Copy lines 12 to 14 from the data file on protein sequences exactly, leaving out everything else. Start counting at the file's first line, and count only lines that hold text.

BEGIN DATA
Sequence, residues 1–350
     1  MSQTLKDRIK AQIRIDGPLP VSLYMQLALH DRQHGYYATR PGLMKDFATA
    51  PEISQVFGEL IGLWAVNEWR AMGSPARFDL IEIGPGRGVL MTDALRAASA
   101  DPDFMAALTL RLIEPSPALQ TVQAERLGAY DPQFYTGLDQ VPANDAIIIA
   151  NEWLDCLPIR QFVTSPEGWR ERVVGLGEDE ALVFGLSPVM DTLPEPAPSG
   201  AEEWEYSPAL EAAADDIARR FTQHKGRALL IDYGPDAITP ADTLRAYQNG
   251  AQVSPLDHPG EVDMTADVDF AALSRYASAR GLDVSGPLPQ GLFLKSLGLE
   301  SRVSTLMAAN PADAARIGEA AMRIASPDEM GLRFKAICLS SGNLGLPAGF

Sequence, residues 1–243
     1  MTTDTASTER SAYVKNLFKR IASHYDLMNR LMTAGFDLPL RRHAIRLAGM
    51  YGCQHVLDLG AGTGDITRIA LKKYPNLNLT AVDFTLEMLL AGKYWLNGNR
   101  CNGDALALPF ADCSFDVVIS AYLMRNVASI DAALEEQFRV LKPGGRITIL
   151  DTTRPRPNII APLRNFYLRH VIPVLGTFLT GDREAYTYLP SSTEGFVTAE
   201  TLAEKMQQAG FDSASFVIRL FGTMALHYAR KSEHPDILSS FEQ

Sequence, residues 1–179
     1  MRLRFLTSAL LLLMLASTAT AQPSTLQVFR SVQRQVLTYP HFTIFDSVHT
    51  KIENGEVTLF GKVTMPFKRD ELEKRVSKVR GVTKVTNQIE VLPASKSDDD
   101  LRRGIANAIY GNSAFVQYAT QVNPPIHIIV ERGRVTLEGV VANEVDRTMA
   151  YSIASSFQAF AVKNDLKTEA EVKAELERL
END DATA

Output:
   101  CNGDALALPF ADCSFDVVIS AYLMRNVASI DAALEEQFRV LKPGGRITIL
   151  DTTRPRPNII APLRNFYLRH VIPVLGTFLT GDREAYTYLP SSTEGFVTAE
   201  TLAEKMQQAG FDSASFVIRL FGTMALHYAR KSEHPDILSS FEQ